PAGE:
The next day’s show will feature designs by Yele Oladeinde, Sue’s Closet and Eloquent Accessories, HighEndRebel, Julianna Josephine, Sehar Peerzada, Sanzi, Sigi’Nommo, Sherrell Whye, Iris Webb, Brandon Kanion, The Gailery Boutique, Classic Consigns by KYS, Amparo3, Knwldg Couture and Audacity Brand.

Local models will walk the 40-foot runway in the fashion shows. The event will be hosted by Caprece-Ann Jackson and will feature DJ Shido.

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By Emma Weidmann | Arts and Life Editor

It’s hard to be on social media these days without seeing the newest micro-label. Everywhere you look — “clean girl” this, girlaesthetic-clothes”“coconut girl” that. Everyone is trying to put a name to different looks, categorizing the clothes and makeup they wear and the “energy” they put out.

Each of these labels is just another way to slap a name onto an aesthetic. The viral “clean girl” aesthetic of the past few months is characterized by slicked-back hair, matching sweatsuit sets, chunky gold hoops and a trendy Stanley water bottle. On the other hand, “coconut girl,” which trended on TikTok over the summer, is all about tan skin, beach waves and an aesthetic full of sunshine and bottles of Sol de Janeiro perfume from Sephora.

While you might chalk this up to just another trend, there’s something else going on under the surface. When the latest headlines read Hailey Bieber’s “cinnamon cookie butter hair” and blueberry milk nails,” you have to wonder why we suddenly need social media influencers to give us new names for everything from brunette hair to light blue nail polish.

In other words, it’s marketing.

New labels like these — labels for things that already exist and names for new aesthetics aimed at a certain consumer profile — are just another way to get you to associate your personal identity with what you spend your money on. If you’re not careful, you’ll see your money go down the drain in the name of an aesthetic.

So, a bit of de-influencing is in order. Hailey Bieber’s hair isn’t a new trend; it’s brunette with highlights. Blueberry milk nails are just light blue. And you don’t need to change your whole appearance and

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A FASHION fan has put together three outfits that are perfect for heading back to college from Penneys. 

Taking to TikTok, Lauren Whelan, who posts under the username @laurenwhelxn, revealed the stunning looks.

Lauren put together three outfits that are perfect for heading back to college


Lauren put together three outfits that are perfect for heading back to collegeCredit: Social media
For her next look, Lauren styled a pair of Straight Cargo Trousers for €20 with a SMILEYWORLD Oversized T-shirt for €14


For her next look, Lauren styled a pair of Straight Cargo Trousers for €20 with a SMILEYWORLD Oversized T-shirt for €14Credit: Social media
For her final look, Lauren styled the same cargos with a Biggie Smalls Graphic Hoodie for €20


For her final look, Lauren styled the same cargos with a Biggie Smalls Graphic Hoodie for €20Credit: Social media

First, she tried on a pair of Denim Mom Jeans for €16, which she paired with Essential Longline Vest Top for €4 and a Zip Detail Biker Jacket for €40.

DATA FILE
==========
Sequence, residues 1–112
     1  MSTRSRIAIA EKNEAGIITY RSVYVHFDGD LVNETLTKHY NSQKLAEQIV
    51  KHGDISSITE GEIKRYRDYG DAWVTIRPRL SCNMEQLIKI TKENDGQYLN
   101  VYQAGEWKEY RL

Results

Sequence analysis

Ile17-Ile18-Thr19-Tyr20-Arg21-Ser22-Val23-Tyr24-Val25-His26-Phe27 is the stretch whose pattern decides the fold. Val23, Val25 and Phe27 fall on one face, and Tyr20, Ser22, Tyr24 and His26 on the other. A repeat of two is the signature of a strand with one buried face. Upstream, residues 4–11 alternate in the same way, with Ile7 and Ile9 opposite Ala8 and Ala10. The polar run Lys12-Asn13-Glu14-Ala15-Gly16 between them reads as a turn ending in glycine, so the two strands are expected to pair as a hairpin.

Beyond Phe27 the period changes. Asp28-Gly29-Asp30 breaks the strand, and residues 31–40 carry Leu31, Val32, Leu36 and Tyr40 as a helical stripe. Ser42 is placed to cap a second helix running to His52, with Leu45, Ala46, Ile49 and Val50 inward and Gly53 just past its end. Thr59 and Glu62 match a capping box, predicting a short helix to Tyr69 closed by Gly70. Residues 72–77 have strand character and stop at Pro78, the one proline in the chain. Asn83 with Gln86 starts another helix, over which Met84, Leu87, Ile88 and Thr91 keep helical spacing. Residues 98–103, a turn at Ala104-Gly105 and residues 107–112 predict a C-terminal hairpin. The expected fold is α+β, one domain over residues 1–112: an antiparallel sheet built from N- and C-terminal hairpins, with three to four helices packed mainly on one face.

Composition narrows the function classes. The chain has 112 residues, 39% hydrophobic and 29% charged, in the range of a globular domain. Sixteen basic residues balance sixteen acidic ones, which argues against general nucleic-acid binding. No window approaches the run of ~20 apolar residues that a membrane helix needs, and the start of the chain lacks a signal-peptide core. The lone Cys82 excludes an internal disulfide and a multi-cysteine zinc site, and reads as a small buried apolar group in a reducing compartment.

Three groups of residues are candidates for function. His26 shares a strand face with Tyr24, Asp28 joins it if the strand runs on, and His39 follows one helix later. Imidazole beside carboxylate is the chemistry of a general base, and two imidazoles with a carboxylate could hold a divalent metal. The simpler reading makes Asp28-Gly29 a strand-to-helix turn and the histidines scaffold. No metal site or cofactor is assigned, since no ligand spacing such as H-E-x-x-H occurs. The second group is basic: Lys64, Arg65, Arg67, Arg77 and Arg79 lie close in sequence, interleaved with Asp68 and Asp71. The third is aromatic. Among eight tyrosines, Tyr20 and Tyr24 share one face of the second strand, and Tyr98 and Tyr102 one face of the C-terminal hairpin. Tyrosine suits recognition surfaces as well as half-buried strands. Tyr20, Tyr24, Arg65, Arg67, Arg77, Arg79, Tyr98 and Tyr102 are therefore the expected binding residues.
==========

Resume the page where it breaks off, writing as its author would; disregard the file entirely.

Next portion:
The leather jacket is an essential that is perfect for any outfit this autumn/winter. 

An online description reads: “Name an outer layer with more edge than a biker jacket. We can’t think of anything either! 

“Made with a sleek faux leather construction, this biker jacket features long sleeves, various zipper openings, classic lapels and a buckle belt. 

I found major bargain in men’s section of Penneys - here’s what they look like on
Zara fans scrambling to buy 'most feminine' dress - and it costs just €29.95

“With endless styling possibilities, this biker jacket combines a fashion-forward aesthetic with practical functionality – making it a must-have addition to your capsule wardrobe. 

“Pair it with a dress and killer heels for weekend outings with friends, or keep it casual with a unitard and dad shoes to achieve the off-duty model aesthetic. What are you waiting for? 

“Check stock availability and experience the versatility that this jacket brings to your wardrobe!”

For her next look, Lauren styled a pair of Straight Cargo Trousers for €20 with a SMILEYWORLD Oversized T-shirt for €14.


An online description of the cargos reads: “Whether exploring the great outdoors, running errands or simply

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People are nailing the stealth wealth look on the cheap in China.

People are nailing the stealth wealth look on the cheap in China.wundervisuals via Getty Images

  • People in China are embracing quiet luxury.

  • Some Chinese influencers have spent the summer curating tutorials on the old money aesthetic.

  • Online retail platforms are also offering stealth wealth looks for cheap.

People in China have figured out how to nail the old money aesthetic without breaking the bank.

The old money aesthetic, which involves projecting wealth subtly, has taken China by storm. Known in the country as laoqianfeng, this fashion style is inspired by the country’s old money — people whose wealth has stacked up over multiple generations and who let their cash, not their clothes, do the talking for them.